(a) Availability of visual information. Provide visual information through at least one mode in auditory form.
(b) Availability of visual information for low vision users. Provide visual information through at least one mode to users with visual acuity between 20/70 and 20/200 without relying on audio.
(c) Access to moving text. Provide moving text in at least one static presentation mode at the option of the user.
(d) Availability of auditory information. Provide auditory information through at least one mode in visual form and, where appropriate, in tactile form.
(e) Availability of auditory information for people who are hard of hearing. Provide audio or acoustic information, including any auditory feedback tones that are important for the use of the product, through at least one mode in enhanced auditory fashion (i.e., increased amplification, increased signal-to-noise ratio, or combination). For transmitted voice signals, provide a gain adjustable up to a minimum of 20 dB. For incremental volume control, provide at least one intermediate step of 12 dB of gain.
(f) Prevention of visually-induced seizures. Visual displays and indicators shall minimize visual flicker that might induce seizures in people with photosensitive epilepsy.
(g) Availability of audio cutoff. Where a product delivers audio output through an external speaker, provide an industry standard connector for headphones or personal listening devices (for example, phone-like handset or earcup) which cuts off the speaker(s) when used.
(h) Non-interference with hearing technologies. Reduce interference to hearing technologies (including hearing aids, cochlear implants, and assistive listening devices) to the lowest possible level that allows a user to utilize the product.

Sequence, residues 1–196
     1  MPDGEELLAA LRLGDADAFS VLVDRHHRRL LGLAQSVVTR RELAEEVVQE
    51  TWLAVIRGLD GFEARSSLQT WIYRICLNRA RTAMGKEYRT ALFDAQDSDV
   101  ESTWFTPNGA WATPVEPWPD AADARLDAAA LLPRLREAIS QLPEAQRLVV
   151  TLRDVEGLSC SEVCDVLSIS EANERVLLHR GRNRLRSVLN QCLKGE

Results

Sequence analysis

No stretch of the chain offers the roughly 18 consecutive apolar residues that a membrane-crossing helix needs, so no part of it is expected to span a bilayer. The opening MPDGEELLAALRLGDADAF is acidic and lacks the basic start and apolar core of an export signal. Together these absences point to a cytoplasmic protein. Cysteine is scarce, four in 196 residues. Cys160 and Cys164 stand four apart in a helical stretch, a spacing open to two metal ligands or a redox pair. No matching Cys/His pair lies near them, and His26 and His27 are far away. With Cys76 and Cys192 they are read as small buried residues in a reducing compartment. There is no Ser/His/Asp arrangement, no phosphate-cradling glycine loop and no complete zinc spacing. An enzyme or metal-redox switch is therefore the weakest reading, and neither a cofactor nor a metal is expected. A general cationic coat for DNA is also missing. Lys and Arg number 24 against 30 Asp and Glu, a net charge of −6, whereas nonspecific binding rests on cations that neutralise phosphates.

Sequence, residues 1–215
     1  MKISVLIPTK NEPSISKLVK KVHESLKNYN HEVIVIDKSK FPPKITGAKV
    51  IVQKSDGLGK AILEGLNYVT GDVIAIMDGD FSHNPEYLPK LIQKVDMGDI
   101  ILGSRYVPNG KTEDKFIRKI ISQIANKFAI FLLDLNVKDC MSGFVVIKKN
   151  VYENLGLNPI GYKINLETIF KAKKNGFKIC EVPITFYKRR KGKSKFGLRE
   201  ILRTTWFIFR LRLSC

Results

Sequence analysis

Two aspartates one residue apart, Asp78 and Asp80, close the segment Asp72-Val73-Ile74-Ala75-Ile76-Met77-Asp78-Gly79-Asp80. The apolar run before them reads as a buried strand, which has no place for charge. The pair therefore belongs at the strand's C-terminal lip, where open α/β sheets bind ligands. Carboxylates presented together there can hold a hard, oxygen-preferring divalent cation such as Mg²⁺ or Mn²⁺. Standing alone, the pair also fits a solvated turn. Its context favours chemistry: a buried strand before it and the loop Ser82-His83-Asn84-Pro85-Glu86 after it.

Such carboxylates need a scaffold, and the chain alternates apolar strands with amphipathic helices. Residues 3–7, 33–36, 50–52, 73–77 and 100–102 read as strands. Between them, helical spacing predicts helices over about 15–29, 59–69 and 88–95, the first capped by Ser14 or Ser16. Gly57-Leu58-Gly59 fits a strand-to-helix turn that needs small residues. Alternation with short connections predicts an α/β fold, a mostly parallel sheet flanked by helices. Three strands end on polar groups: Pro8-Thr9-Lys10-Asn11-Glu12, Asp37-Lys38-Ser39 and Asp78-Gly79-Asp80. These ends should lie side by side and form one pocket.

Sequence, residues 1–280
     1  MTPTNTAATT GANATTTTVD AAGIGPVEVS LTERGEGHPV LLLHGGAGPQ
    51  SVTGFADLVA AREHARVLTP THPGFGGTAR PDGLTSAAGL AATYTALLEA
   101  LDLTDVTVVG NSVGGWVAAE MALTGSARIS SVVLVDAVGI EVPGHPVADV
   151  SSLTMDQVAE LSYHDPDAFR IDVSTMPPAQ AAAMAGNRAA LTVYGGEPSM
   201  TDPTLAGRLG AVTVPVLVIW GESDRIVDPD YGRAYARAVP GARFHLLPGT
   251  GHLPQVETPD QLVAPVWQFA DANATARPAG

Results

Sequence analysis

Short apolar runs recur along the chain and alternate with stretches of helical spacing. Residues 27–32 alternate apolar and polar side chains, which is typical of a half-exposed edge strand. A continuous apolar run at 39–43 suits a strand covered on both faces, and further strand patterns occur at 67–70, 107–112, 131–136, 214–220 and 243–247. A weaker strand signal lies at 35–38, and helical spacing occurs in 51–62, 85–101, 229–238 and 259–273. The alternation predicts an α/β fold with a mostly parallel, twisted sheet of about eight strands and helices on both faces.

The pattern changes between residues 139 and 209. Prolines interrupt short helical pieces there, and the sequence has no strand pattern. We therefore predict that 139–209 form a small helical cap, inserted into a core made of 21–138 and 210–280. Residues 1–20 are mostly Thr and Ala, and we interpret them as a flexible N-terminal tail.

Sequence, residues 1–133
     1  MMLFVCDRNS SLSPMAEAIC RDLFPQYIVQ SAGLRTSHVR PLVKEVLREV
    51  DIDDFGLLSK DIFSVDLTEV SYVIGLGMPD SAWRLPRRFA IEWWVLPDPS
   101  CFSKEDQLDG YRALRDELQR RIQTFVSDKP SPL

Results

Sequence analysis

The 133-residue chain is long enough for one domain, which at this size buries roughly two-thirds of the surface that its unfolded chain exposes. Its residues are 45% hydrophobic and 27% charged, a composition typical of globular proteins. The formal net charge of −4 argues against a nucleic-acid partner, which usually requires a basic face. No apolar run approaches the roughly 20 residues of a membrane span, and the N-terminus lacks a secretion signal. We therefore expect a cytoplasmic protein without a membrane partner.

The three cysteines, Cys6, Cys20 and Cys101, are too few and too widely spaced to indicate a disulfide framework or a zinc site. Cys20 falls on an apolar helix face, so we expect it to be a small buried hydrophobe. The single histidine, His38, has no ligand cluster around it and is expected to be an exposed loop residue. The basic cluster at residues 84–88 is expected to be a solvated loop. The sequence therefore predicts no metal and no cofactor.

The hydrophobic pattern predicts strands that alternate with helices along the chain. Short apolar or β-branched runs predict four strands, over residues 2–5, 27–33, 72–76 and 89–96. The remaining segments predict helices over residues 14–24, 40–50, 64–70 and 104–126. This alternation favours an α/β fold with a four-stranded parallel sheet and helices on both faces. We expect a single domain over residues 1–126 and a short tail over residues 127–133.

(i) Hearing aid coupling. Where a product delivers output by an audio transducer which is normally held up to the ear, provide a means for effective wireless coupling to hearing aids. 
Using standards and guidelines helps ensure that you address all issues, and involving people with disabilities helps you address them efficiently and effectively.
Most of this book describes approaches for including people with disabilities throughout product design. While there are many benefits, that alone will not lead you to develop an accessible product, because even large projects cannot include the diversity of disabilities, adaptive strategies, and assistive technologies that would be necessary to sufficiently cover all the issues. For most products there are standards that do cover the diversity.
In some cases, meeting accessibility standards is a legal requirement; in others, it's just a smart thing to do.
There are accessibility standards and guidelines for different types of products from international standards bodies, governments, and organizations. Many of these are available on the Web.